And for dads in particular, Jim Trelease, author of The Read-Aloud Handbook, now in its eighth edition, notes “the important role of fathers in developing boys as readers.” Trelease says when he wrote the first edition in 1982, “I thought we had a bit of a male reading problem. Not anymore. Now it’s a huge problem.” His first edition had a few pages for dads. His latest edition has a whole chapter called “The Importance of Dads.”
Not Too Late
For moms and dads who are not currently reading aloud with regularity to your kids, I’d encourage you to try it, and stick with it for the long haul, despite the initial friction. Once or twice, or a few weeks, won’t be long enough for you to really see the effects, develop your stamina, and learn how to enjoy what a real habit can produce.
Perhaps my main piece of counsel would be to read with energy. When Dad and Mom put more into it, the whole family gets more out of it. Even after a long day, it’s worth pushing yourself to not just go through the motions and read monotone. Put energy into it. Pour in more enthusiasm than you first think is needed. Read with color and warmth. Do voices, if you’re that type. Pursue contagious joy, not infectious boredom. You are the teacher, not the book. The book is your prop, your medium, your context for relationship with your children, and your opportunity to invest in them, their maturity, and their personality.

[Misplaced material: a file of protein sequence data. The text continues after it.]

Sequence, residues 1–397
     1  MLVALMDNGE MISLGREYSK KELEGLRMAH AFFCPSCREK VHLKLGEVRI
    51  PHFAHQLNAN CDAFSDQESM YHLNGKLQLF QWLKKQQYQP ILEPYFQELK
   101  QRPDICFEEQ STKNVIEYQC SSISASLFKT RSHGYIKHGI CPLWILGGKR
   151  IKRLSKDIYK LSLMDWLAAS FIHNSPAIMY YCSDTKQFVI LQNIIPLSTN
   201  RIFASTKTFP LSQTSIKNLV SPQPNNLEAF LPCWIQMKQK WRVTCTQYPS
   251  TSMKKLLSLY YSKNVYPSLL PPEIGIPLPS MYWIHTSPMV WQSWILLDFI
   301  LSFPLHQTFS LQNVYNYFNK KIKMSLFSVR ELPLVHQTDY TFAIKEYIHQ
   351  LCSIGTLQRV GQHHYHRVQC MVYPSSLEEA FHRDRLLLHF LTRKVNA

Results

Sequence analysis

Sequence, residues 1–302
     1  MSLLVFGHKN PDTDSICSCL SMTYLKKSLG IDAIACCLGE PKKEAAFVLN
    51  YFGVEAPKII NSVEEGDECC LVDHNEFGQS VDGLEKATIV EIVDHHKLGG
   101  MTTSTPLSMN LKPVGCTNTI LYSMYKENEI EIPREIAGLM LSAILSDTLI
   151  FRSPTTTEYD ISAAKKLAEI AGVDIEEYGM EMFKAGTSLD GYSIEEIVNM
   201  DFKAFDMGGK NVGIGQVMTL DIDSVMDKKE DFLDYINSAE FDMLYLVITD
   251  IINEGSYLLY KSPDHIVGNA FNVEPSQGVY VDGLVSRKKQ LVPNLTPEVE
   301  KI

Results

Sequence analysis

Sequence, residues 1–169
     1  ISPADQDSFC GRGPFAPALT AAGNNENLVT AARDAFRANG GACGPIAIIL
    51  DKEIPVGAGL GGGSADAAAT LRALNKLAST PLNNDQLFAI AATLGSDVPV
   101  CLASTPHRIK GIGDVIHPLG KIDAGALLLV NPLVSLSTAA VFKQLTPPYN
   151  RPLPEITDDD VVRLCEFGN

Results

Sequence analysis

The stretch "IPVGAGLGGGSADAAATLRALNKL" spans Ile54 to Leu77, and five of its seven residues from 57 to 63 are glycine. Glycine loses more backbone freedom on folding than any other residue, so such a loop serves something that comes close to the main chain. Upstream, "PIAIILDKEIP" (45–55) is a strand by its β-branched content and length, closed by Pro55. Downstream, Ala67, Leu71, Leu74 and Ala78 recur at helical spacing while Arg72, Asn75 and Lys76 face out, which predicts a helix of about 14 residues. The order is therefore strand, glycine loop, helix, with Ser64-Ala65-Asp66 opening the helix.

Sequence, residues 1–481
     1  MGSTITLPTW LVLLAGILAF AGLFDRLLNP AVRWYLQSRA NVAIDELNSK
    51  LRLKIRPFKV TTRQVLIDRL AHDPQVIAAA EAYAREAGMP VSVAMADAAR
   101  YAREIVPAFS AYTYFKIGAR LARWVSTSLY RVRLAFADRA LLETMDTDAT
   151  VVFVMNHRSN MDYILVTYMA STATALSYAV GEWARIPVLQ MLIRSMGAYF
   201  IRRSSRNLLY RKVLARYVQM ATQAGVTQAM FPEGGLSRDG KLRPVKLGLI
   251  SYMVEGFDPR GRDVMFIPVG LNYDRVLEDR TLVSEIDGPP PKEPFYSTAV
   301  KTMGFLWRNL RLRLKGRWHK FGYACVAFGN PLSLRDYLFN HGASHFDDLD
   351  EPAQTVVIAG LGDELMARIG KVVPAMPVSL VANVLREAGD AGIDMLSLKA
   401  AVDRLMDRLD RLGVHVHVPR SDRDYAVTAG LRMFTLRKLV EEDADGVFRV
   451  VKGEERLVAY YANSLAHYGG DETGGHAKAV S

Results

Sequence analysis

For parents like me, who want to make the most of reading aloud not just to entertain our kids but to disciple them, one caution might be not to preach or moralize too often — and on the other hand, not to miss the important teachable moments altogether. I try to be sensitive to my children’s hearts, alertness, and levels of interest. When they’re bored or grumpy or the tank is low, I lean on the book, and read for shorter spans. When they’re enraptured in the story, I consider it a better time to pause and impart key principles or life lessons, and read for longer.
“The crowning jewel of reading aloud is not Tolkien, Lewis, or Rowling. It’s God.”
Similarly, I’d encourage both funny books, where you laugh together (like Silly Tilly, or Caps for Sale) and serious books. Kids are ready for different stories at different ages. Because of my special love for Middle-earth, our first big, serious book was The Hobbit. Then we started Narnia, and then went on to another series. When COVID came, time finally seemed right for Potter. Now, with that journey behind us, we’ve started Lord of the Rings for our 11-year-olds, and The Hobbit with our 7-year-old daughter.
But the crowning jewel of reading aloud is not Tolkien, Lewis, or Rowling. It’s God. All along, from board books to storybook Bibles, to reading the Real Thing, we are training our children to hear the very words of God himself in Scripture, and receive them with joy.
The greatest read-aloud privilege of all is reading aloud the Bible.